In attendance at Richard’s funeral were members of the Tulare County Sheriff’s Department, as well as members of the California Army National Guard and other military branches, and members of the California Rescue Dog Association (Marian’s dog, Barbarosa, is a member, and he was at the service as well). There was also a group from Honduras and Guatemala. At the end of the church service, there was a processional led by the Tulare County Sheriff’s Department—a full police escort with streets blocked by sheriff vehicles. At the cemetery, bagpipes played and military personnel stood watch. There was a gun salute and a lone trumpeter far off in the distance who played TAPS. As flags were given to Marian and Richard’s medals were given to his daughter, the sun popped out from behind a cluster of clouds. It took my breath away.
I was reminded of the importance of family and friends, and the importance of saying “I love you” whenever and however we can to one another. Life is just too short and too precious to let days and days go by without saying those words. Richard’s advice to us (Marian sat by his side for days writing down what he said, word for word) was that we should live each day to the fullest, and if we want to do something, do it. And if a day should pass when we don’t do what we want, wake up the next day and try again. And again and again.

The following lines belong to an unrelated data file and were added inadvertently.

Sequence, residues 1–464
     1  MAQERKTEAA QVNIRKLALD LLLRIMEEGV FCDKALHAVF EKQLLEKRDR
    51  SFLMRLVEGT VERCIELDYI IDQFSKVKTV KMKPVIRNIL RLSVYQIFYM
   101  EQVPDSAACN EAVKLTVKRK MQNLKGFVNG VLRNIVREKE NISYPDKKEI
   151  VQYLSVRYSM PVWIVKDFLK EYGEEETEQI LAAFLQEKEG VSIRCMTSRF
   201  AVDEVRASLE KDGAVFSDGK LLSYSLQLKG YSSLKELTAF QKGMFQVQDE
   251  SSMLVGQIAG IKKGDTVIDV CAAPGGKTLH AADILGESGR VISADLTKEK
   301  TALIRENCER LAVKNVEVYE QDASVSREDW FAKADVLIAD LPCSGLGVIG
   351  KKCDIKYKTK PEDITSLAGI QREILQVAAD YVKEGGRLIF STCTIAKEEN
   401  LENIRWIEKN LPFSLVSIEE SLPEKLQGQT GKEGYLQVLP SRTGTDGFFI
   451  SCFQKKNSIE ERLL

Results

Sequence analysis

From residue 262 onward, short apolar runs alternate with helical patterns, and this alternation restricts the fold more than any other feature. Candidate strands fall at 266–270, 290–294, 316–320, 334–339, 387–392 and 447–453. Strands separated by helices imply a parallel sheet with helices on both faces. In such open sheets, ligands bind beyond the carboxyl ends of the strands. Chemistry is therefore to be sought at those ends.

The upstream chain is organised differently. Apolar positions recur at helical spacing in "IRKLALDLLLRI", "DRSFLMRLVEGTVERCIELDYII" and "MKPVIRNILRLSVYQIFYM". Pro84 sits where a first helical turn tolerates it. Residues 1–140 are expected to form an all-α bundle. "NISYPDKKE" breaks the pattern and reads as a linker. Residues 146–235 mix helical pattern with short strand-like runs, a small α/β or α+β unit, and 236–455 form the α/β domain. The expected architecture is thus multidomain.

On my drive to Visalia yesterday morning, I noticed a hawk circling above me. It first appeared near Pyramid Lake, but then seemed to follow me for another 20+ miles until I reached the bottom of the Grapevine, at which time I realized it had remained in the mountains above Tejon Ranch. I’d like to think that was Richard up there, watching over me as I tackled Interstate 5 to attend the dedication to his life, a life he lived in honor of the men who died in Vietnam by his side and in his arms. It was a beautiful tribute to a man who served his country and lived to help those most in need.
Goodbye, Richard Matthews. May you rest in peace, sweet man.
Richard and Marian